L02 | M Sep 12 | final slides | O(n log n) time triangulation algorithm via trapezoidization and plane sweep. |

L03 | W Sep 14 | final slides | Partitioning polygons (We'll do polyhedra next time.). |

L04 | M Sep 19 | final slides | Partitioning Polyhedra and Convex Hulls in the Plane |

L05 | W Sep 21 | final slides | More on Convex Hulls |

L06 | M Sep 26 | final slides | Convex Hull in 3D and Beyond |

L07 | W Sep 28 | final slides | Linear Programming |

L08 | M Oct 3 | final slides | Planar Point Location and Range Searching |

L09 | W Oct 5 | final slides | Voronoi diagrams |

L10 | M Oct 17 | final slides | Voronoi diagrams, continued. |

L11 | W Oct 19 | final slides | Delaunay Triangulations, continued. |

L12 | M Oct 24 | final slides | Triangulations |

L13 | W Oct 26 | final slides | Triangulations, continued |

L14 | M Oct 31 | final slides | Arrangements |

L15 | W Nov 2 | final slides | Arrangements, continued |

L16 | M Nov 7 | final slides | Shortest Paths |

L17 | W Nov 9 | final slides | Motion Planning |

L18 | M Nov 14 | final slides | Curves, Trajectories, Frechet distance |

L19 | W Nov 16 | final slides | Spanners, Routing, Networks |

**Academic Integrity:** In order to maintain a culture of academic integrity, members of the University of Waterloo community are expected to promote honesty, trust, fairness, respect and responsibility.

[Check www.uwaterloo.ca/academicintegrity for more information. ]

**Grievance:** A student who believes that a decision affecting some aspect of his/her university life has been unfair or unreasonable may have grounds for initiating a grievance. Read Policy 70 - Student Petitions and Grievances, Section 4. When in doubt please be certain to contact the department's administrative assistant who will provide further assistance.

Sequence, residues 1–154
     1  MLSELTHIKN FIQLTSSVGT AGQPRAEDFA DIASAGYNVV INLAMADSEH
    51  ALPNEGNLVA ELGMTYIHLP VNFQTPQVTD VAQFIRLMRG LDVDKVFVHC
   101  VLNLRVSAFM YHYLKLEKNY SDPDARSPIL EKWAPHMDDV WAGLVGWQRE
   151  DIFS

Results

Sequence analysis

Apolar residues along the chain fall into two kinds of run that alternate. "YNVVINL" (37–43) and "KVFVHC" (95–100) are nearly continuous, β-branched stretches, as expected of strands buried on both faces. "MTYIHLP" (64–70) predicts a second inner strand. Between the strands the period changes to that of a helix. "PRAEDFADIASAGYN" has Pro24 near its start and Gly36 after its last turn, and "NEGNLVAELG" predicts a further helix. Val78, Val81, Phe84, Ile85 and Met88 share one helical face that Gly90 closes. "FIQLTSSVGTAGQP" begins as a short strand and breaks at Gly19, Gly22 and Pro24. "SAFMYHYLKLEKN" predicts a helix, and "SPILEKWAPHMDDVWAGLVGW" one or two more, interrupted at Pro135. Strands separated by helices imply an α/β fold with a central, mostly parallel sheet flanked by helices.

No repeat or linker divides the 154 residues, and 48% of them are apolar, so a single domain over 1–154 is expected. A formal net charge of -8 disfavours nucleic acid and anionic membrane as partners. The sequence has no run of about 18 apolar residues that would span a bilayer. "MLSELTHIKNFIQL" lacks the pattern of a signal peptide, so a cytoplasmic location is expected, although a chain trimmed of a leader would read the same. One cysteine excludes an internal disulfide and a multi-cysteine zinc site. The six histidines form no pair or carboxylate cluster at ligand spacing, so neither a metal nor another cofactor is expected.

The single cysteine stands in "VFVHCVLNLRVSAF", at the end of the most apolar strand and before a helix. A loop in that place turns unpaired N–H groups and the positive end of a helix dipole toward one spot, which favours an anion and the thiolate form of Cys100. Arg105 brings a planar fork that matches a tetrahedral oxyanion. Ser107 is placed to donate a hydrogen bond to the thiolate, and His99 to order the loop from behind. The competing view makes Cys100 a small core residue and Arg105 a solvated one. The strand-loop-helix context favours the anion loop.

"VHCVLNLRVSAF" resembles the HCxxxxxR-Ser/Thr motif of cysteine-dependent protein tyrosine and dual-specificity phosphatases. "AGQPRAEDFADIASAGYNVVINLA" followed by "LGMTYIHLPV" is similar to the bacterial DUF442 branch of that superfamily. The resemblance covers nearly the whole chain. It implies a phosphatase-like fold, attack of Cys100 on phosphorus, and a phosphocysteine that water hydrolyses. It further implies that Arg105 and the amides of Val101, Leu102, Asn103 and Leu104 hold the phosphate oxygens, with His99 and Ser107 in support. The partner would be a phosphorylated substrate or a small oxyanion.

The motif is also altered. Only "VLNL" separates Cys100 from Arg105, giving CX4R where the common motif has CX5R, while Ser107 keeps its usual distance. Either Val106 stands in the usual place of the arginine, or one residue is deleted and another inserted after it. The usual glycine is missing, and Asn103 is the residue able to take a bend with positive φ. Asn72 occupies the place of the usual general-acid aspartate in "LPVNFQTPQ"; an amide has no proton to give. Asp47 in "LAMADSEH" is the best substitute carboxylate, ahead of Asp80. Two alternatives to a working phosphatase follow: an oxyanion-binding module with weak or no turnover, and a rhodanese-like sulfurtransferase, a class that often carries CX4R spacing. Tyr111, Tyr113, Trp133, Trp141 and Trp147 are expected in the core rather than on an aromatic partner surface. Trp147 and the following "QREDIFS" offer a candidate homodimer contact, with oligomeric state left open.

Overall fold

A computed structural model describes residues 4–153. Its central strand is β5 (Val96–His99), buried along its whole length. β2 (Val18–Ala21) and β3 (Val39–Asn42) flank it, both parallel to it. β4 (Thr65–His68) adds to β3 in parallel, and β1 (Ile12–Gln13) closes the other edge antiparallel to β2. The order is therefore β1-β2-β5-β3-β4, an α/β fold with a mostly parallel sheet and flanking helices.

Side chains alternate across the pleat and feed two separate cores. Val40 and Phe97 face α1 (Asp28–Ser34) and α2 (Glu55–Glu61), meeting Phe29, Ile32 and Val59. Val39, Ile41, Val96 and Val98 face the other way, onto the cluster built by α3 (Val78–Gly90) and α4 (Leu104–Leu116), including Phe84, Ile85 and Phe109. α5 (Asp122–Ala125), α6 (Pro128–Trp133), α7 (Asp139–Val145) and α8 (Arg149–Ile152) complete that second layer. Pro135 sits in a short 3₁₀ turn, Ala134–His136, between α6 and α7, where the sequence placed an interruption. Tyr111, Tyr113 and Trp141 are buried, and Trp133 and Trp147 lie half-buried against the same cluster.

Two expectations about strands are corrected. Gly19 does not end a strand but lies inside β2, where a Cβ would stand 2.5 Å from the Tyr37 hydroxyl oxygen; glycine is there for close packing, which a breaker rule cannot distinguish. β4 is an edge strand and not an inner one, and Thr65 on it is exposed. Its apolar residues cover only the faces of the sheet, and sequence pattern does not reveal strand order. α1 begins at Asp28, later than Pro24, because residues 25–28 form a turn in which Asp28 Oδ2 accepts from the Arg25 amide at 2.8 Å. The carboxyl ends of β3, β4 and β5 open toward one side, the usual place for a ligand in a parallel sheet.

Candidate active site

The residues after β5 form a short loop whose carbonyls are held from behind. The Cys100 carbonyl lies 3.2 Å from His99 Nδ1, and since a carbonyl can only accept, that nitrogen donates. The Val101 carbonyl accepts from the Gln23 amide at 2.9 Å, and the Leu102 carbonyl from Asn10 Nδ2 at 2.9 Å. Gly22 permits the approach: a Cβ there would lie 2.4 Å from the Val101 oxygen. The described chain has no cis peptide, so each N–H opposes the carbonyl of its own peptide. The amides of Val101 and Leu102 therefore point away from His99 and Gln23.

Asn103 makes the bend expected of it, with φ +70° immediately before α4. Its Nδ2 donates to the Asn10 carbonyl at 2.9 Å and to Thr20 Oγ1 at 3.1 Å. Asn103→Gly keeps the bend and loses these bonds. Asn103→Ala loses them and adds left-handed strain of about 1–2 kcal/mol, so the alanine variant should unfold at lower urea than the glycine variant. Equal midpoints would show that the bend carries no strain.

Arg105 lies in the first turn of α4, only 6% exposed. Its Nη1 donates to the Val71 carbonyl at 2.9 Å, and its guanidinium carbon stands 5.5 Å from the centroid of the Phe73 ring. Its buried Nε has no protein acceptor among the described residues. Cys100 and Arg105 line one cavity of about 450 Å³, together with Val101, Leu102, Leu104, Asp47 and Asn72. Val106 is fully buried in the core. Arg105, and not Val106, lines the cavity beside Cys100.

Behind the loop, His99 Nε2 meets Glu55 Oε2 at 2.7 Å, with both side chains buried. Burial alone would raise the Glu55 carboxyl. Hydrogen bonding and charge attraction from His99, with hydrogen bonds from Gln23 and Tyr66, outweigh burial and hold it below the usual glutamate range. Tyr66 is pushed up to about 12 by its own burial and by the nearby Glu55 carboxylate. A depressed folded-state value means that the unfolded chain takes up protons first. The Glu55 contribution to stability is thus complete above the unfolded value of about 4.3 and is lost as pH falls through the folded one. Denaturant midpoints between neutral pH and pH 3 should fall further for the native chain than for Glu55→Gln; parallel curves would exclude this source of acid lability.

**Intellectual Property:**
Students should be aware that this course contains the intellectual property
of their instructor, TA, and/or the University of Waterloo. Intellectual
property includes items such as:

- Lecture content, spoken and written (and any audio/video recording thereof);
- Lecture handouts, presentations, and other materials prepared for the course (e.g., PowerPoint slides);
- Questions or solution sets from various types of assessments (e.g., assignments, quizzes, tests, final exams); and
- Work protected by copyright (e.g., any work authored by the instructor or TA or used by the instructor or TA with permission of the copyright owner).

Course materials and the intellectual property contained therein, are used to enhance a student's educational experience. However, sharing this intellectual property without the intellectual property owner's permission is a violation of intellectual property rights. For this reason, it is necessary to ask the instructor, TA and/or the University of Waterloo for permission before uploading and sharing the intellectual property of others online (e.g., to an online repository). Permission from an instructor, TA or the University is also necessary before sharing the intellectual property of others from completed courses with students taking the same/similar courses in subsequent terms/years. In many cases, instructors might be happy to allow distribution of certain materials. However, doing so without expressed permission is considered a violation of intellectual property rights.

Please alert the instructor if you become aware of intellectual property belonging to others (past or present) circulating, either through the student body or online. The intellectual property rights owner deserves to know (and may have already given their consent).

**Note for Students with Disabilities:**
The AccessAbility office, located in Needles Hall Room 1401,
collaborates with all academic departments to arrange appropriate
accommodations for students with disabilities without compromising
the academic integrity of the curriculum. If you require academic
accommodations to lessen the impact of your disability, please
register with AccessAbility Services at the beginning of each academic term.